Fig. 2
figure 2

The procedures used in the clinical trial treating castration-resistant prostate cancer (CRPC) [12]. Biopsy samples of the prostate were taken and a suspension of tumour cells (TC) was produced in the GMP facility. Monocytes were harvested from the same patient by leukapheresis to produce dendritic cells (DC) in the lab. These were then electrofused with TCs to obtain immunohybridomas, aHyC, which were applied subcutaneously into the patient four times

To further verify the effectiveness of aHyC therapy in the treatment of patients with CRPC [12], we asked whether the TTNT is altered and whether the efficacy of aHyC treatment depends on the dose of cells used in the vaccine.

Prolongation of survival and TTNT in patients with CRPC treated with aHyC

To learn whether the application of aHyC affected the clinical outcome of patients, we determined the CSS and TTNT (Fig. 1), both measures of effectiveness of aHyC treatment. We compared these parameters in relation to a matched control group of patients who did not receive aHyC (Table 2). To compare these parameters in both groups, both CSS and TTNT were determined in months from the time of diagnosis of CRPC to the cut-off date (30 September 2021) or the patient’s death. We included all patients who received aHyC vaccine (aHyC group, n = 19) and a control group (n = 21). At the cut-off date, the incidence of any cause of death was 58% (11 patients) within the aHyC group and 90% (19 patients) in the documented control group. Both groups were comparable for age at CRPC diagnosis (74 and 72 years) and other characteristics (Table 2).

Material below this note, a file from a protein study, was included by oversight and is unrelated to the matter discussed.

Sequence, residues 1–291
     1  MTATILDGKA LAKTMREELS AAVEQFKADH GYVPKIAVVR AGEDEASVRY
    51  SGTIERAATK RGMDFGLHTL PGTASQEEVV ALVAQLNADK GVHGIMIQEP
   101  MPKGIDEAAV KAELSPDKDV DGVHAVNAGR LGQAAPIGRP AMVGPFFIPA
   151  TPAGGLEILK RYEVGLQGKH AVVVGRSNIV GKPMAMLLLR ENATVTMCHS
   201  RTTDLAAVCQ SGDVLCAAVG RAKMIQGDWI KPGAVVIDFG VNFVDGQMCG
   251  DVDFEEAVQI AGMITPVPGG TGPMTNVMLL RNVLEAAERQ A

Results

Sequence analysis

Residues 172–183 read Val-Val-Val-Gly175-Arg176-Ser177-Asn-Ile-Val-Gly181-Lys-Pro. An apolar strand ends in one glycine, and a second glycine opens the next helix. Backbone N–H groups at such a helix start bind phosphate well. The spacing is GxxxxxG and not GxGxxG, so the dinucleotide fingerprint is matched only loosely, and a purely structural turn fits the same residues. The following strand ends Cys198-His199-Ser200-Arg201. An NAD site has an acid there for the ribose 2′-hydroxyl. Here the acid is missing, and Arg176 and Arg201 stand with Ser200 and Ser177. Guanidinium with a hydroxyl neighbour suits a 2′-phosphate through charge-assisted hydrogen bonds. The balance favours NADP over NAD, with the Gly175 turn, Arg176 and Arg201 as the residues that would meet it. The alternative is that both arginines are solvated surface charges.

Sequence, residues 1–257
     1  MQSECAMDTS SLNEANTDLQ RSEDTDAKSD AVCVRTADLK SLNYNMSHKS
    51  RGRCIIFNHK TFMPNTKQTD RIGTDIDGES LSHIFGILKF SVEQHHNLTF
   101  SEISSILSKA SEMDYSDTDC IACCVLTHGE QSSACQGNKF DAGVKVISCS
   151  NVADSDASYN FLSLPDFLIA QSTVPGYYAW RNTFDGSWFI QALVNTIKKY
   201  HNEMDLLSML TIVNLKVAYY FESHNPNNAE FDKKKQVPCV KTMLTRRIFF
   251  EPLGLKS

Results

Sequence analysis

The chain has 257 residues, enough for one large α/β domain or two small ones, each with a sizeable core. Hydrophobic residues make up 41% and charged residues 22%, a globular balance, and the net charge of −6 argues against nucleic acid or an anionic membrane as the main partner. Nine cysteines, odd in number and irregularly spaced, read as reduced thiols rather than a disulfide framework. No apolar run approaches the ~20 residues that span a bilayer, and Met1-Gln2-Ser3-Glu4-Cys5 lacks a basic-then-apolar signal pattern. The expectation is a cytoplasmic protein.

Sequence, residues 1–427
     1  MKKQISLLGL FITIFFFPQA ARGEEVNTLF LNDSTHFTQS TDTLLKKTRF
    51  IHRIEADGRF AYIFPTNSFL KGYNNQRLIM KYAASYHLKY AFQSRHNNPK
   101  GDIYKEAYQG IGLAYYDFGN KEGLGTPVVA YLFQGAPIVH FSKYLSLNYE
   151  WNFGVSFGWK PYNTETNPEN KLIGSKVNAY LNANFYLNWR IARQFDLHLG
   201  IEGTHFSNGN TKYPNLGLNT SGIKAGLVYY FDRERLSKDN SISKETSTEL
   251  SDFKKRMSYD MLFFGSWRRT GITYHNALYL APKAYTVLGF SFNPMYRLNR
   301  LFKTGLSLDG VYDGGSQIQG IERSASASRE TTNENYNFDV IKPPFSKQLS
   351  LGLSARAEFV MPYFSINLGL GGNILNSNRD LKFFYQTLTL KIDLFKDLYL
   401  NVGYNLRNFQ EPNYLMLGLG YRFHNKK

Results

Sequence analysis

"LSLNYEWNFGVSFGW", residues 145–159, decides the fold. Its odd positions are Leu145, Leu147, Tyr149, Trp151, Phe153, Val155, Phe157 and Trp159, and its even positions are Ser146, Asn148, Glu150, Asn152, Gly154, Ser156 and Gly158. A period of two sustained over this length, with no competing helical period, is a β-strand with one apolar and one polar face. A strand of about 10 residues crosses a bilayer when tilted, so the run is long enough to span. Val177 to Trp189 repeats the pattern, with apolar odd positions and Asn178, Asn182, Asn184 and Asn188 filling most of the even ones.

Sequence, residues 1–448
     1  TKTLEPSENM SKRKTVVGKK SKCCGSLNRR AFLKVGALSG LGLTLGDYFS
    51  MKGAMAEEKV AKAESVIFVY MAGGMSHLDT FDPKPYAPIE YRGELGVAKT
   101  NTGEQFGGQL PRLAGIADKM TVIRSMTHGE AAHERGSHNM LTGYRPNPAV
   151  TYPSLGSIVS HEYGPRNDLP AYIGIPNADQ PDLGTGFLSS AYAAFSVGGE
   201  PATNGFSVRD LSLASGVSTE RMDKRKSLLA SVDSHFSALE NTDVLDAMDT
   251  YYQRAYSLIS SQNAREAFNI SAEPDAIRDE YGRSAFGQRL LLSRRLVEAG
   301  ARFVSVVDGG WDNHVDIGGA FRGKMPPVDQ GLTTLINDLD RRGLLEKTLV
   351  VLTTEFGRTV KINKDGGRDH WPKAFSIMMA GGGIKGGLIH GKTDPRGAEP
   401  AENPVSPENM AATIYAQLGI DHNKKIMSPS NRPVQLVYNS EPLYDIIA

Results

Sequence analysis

Table 2 Patient characteristics in the aHyC group (all patients who received aHyC) and in the documented control group

From the time of diagnosis of CRPC, CSS was prolonged by 32.7 months (P < 0.05) in patients who received aHyC (82.2 months) compared with patients in the documented control group who did not receive aHyC (49.5 months; Fig. 3A). In patients with non-metastatic CRPC (M0; Fig. 3B) who received aHyC (note that the median value is not reached), CSS was much longer (P = 0.03) than in patients in the documented control group who did not receive aHyC (48.3 months). The considerably prolonged CSS in M0 aHyC-treated patients compared with CSS recorded in all, metastatic (M1) and M0 patients treated with aHyC (Fig. 3A) clearly suggests that prostate cancer vaccines may be more beneficial when given early, at the stage of M0, because the immune system has time to mount a response, the disease burden is low and before immune system evasion by the tumour [54]. Moreover, it is likely that sourcing tumour antigens by biopsy from the prostate is relatively complete in non-metastatic disease, whereas in metastatic patients, tumour antigens in the metastases differ significantly from tumour antigens in the primary tumour in the prostate, and thus in the vaccine. These results indicate that patients with non-metastatic CRPC will benefit best from treating with immunotherapy aHyC.

Fig. 3
figure 3

Cancer-specific survival (CSS). A CSS after diagnosis of castration-resistant prostate cancer (CRPC) was significantly prolonged (P = 0.03) by 32.7 months in patients who received aHyC (red, 82.2 months) compared with patients in the documented control group who did not receive aHyC (blue, 49.5 months). B CSS was further compared only in patients with non-metastatic (M0) CRPC. Median CSS survival was not reached in patients who received aHyC (red line), and it was significantly shorter (P = 0.03) in patients in the documented control group who did not receive aHyC (blue line, 48.3 months). Black dots on the lines represent censored events of specific survival. The common starting point for both groups of patients was the diagnosis of CRPC; cut-off date was 30 September 2021. The tables below the graphs show the number and proportion of patients in both groups who are still at risk at individual time points on the graphs. NA, median value not yet reached; M0, non-metastatic CRPC